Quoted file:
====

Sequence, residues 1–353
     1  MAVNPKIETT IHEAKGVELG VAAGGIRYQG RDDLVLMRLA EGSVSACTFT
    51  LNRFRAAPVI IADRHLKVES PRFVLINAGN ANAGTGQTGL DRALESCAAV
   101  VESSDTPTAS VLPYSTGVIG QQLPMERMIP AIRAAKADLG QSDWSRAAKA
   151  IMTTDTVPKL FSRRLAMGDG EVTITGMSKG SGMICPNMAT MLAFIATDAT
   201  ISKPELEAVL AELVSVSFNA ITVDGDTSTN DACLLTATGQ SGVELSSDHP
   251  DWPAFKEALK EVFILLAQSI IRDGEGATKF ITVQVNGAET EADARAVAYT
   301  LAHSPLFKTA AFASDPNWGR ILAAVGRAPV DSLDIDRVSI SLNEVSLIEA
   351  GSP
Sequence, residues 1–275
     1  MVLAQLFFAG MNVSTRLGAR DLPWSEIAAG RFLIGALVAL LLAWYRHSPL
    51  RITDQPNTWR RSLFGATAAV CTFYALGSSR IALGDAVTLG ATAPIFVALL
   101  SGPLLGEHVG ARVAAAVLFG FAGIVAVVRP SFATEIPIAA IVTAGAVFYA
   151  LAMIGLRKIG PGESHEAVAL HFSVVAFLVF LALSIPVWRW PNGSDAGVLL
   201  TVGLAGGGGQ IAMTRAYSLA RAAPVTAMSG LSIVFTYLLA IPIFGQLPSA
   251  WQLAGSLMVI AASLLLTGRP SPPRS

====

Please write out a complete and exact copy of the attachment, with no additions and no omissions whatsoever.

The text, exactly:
Sequence, residues 1–353
     1  MAVNPKIETT IHEAKGVELG VAAGGIRYQG RDDLVLMRLA EGSVSACTFT
    51  LNRFRAAPVI IADRHLKVES PRFVLINAGN ANAGTGQTGL DRALESCAAV
   101  VESSDTPTAS VLPYSTGVIG QQLPMERMIP AIRAAKADLG QSDWSRAAKA
   151  IMTTDTVPKL FSRRLAMGDG EVTITGMSKG SGMICPNMAT MLAFIATDAT
   201  ISKPELEAVL AELVSVSFNA ITVDGDTSTN DACLLTATGQ SGVELSSDHP
   251  DWPAFKEALK EVFILLAQSI IRDGEGATKF ITVQVNGAET EADARAVAYT
   301  LAHSPLFKTA AFASDPNWGR ILAAVGRAPV DSLDIDRVSI SLNEVSLIEA
   351  GSP
Sequence, residues 1–275
     1  MVLAQLFFAG MNVSTRLGAR DLPWSEIAAG RFLIGALVAL LLAWYRHSPL
    51  RITDQPNTWR RSLFGATAAV CTFYALGSSR IALGDAVTLG ATAPIFVALL
   101  SGPLLGEHVG ARVAAAVLFG FAGIVAVVRP SFATEIPIAA IVTAGAVFYA
   151  LAMIGLRKIG PGESHEAVAL HFSVVAFLVF LALSIPVWRW PNGSDAGVLL
   201  TVGLAGGGGQ IAMTRAYSLA RAAPVTAMSG LSIVFTYLLA IPIFGQLPSA
   251  WQLAGSLMVI AASLLLTGRP SPPRS